What did you purchase in March? I’d love to know below:
I read this book in one sitting and couldn’t put it down. Majorie is kidnapped when she goes to surprise her brother before his wedding. Her captives are kids and their reckless behaviour leads her to being prisoner to a very attractive man. I really enjoyed this book and loved the chemistry in it. Graham and Majorie are a great couple and they’re realistic characters. This was a well-written book that I recommend to anyone who enjoys historical romance.
I just got out of a book slump and this book was everything that I didn’t know I was looking for. There’s romance, action, drama, suspense and vampires (which if you didn’t already know, I absolutely love). The world-building was incredible and I loved that even though this was the first book that I read in the series I still understood the culture and rules of this society. “Blood Vow” has several stories combined in it. The main story focuses on two couples: Axe and Elise and Rhage and Mary. Axe and Elise have a fierce attraction between them but Axe has sworn off any kind of relationship. Also there’s the not-so-tiny problem about him being her bodyguard. On the other hand, Rhage and Mary are a happily married couple who are in the process of adopting a little girl. Their lives are seemingly perfect until a threat appears that could tear them apart (sorry, I’m trying not to spoil anything and it’s pretty difficult for me). I didn’t feel like this book had much in terms of plot. Like I expected there to be a great big evil force that everyone would come together and fight. However I still really enjoyed this book and the characters. I’m going to be following this series. I love how the characters were like a family. This is a great read for anyone who loves fantasy.
I have always been fascinated with bloggers. These were people who knew the magical language of HTML and coding and they created gorgeous websites/blogs. They were so talented! When I started my own blog however, I felt incredibly lonely. I felt like I couldn’t relate to those bloggers. I was a South African student who did nothing but read while those bloggers attended sample sales and blogged about designer planners. So when I discovered South African book bloggers, I was over the moon! Finally after years of searching (three years, if you were curious), I finally found people who got me. Here are my five favourite South African book bloggers:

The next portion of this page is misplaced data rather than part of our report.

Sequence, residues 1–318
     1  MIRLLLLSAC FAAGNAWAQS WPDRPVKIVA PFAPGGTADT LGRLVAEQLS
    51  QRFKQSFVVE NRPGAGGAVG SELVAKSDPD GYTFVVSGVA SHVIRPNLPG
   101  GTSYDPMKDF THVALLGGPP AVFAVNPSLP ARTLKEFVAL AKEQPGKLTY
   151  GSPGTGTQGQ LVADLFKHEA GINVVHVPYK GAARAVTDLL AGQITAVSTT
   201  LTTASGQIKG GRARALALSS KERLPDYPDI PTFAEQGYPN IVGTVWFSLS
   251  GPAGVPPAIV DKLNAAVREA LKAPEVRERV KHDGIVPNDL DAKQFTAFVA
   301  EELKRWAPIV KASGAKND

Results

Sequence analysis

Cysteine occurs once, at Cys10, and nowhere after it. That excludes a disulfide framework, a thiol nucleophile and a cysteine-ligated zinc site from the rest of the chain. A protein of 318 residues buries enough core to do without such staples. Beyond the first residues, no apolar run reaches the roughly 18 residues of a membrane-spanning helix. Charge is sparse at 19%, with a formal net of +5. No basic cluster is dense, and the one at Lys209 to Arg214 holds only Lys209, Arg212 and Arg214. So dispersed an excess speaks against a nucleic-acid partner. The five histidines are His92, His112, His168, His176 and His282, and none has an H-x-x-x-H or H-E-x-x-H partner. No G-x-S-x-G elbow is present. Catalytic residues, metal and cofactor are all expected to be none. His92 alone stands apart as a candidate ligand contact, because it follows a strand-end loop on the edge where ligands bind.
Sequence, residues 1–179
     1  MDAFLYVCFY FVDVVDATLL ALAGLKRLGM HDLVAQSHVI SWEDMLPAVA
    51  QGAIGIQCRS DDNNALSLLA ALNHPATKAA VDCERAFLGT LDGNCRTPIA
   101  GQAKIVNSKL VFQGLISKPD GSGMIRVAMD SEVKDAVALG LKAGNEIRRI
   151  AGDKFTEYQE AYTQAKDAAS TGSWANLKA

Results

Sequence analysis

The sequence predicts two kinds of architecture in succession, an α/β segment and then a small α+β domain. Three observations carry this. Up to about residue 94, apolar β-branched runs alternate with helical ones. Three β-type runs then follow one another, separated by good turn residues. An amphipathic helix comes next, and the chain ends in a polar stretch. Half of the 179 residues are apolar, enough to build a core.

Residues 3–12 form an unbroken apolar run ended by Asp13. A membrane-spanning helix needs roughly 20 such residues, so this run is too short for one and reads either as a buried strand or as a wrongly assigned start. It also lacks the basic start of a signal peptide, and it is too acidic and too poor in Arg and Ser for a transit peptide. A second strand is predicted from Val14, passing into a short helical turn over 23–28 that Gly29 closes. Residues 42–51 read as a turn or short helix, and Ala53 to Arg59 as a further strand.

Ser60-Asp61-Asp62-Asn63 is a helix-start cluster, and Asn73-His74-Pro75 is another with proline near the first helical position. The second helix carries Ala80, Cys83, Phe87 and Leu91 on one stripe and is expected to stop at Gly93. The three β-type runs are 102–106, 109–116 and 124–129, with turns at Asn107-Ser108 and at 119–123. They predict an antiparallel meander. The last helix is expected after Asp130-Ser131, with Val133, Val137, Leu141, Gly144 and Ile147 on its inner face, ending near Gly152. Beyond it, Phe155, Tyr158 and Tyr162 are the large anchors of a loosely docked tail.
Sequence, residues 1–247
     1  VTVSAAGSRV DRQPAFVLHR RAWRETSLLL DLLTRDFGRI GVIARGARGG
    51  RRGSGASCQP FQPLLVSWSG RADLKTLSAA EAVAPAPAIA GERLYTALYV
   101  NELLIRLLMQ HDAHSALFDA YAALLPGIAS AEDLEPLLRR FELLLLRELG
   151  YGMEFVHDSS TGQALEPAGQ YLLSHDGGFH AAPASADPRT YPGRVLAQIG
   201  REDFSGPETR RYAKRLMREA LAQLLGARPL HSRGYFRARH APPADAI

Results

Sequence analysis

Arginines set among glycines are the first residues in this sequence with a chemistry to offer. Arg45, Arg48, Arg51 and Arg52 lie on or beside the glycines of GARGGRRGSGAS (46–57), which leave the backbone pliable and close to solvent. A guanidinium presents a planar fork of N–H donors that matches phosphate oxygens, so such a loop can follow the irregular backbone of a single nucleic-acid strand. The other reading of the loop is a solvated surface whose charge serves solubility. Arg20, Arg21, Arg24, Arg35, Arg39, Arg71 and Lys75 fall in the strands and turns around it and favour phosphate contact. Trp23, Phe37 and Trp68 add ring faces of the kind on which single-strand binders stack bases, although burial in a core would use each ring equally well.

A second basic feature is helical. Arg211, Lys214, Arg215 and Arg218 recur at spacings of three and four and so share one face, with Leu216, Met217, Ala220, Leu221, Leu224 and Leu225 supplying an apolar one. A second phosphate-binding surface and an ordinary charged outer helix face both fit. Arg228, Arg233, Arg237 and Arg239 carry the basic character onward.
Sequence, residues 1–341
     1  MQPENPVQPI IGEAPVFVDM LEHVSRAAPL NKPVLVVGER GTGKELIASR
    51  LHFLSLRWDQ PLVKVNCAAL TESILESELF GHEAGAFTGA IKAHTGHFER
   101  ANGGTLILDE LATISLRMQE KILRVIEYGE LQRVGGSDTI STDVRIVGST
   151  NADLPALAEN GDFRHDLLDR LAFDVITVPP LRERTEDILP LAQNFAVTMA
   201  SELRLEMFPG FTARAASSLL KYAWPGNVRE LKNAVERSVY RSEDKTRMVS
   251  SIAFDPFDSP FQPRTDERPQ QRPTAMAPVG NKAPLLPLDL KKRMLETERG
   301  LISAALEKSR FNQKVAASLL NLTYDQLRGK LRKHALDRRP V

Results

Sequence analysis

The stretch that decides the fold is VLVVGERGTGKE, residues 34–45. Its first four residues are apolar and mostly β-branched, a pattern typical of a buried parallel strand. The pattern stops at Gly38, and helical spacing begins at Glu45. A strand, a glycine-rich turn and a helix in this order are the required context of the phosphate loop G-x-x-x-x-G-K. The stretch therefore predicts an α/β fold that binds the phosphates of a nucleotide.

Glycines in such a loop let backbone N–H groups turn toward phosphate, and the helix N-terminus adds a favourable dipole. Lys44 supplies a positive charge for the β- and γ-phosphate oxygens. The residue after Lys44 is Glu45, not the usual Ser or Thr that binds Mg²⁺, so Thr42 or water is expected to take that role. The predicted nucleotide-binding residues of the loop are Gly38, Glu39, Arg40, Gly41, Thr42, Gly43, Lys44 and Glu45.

- Urbanised Geek– Urbanised Geek has to get the first mention because back when I first started reading YA, I read whatever it was that Monique recommended. Also, she was the reason that I read The Lunar Chronicles and I would gladly sell an organ or three to own the entire collection in hardback. I loved the series that much.
- The Book Fairy’s Haven– The Book Fairy’s Haven is run by Tammy February who is a journalist for W24 and she REVIEWS BOOKS FOR A LIVING! Her blog has lots of great content such as interviews, book reviews and great posts but occasionally I visit just to admire the design (it’s decorated in faeries. Can someone please do that for me but with vampires instead?).
- Read and Seek- Blogger Nihaad originally had another blog (I think it was called The Little Blog of Stuff? I’m not sure but I absolutely loved that name) and I followed her over from that previous blog. She regularly posts discussions and book reviews. She also has a gorgeous Instagram feed.
- Under the Midnight Sky– I don’t remember how I came across this blog (I think Twitter perhaps?) but I know I’ve taken more than a few book recommendations from Abdeah (my favourite being Divergent- until I read a spoiler for Allegiant- and The Wrath and The Dawn). Abdeah also has a great Instagram feed with a ridiculously amazing set of props (she has what looks like a sword, guys. I’m equal parts terrified and fascinated).
- A Write Review– I don’t think I’ve read any of the books that Tina blogs about but she blogs about really great books. I basically follow her just to see what I should be reading when my TBR is shorter (so those are books I’m never going to read?)
Who are your favourite book bloggers? I’d love to know below.
Emma lives in a small town with a bunch of crazy people who twist the Bible for their own needs.
Okay so maybe I’m exaggerating a little but this novel hit a bit too close to home. I’ve seen people use religion to justify things or do or even worse seen religious people do bad things and be okay with it.
And that’s precisely what happens here. The popular girls at school suddenly start falling ill. The town believes it to be the work of the devil…except Emma has seen the goody-two-shoes Queen Bee and her bestie taking drugs. Does Emma risk speaking out?
Like I said before I loved that I could relate to this book. It felt like Eileen Cook had taken my life and written about it. I was not too happy with the ending but like most Eileen Cook endings it’s realistic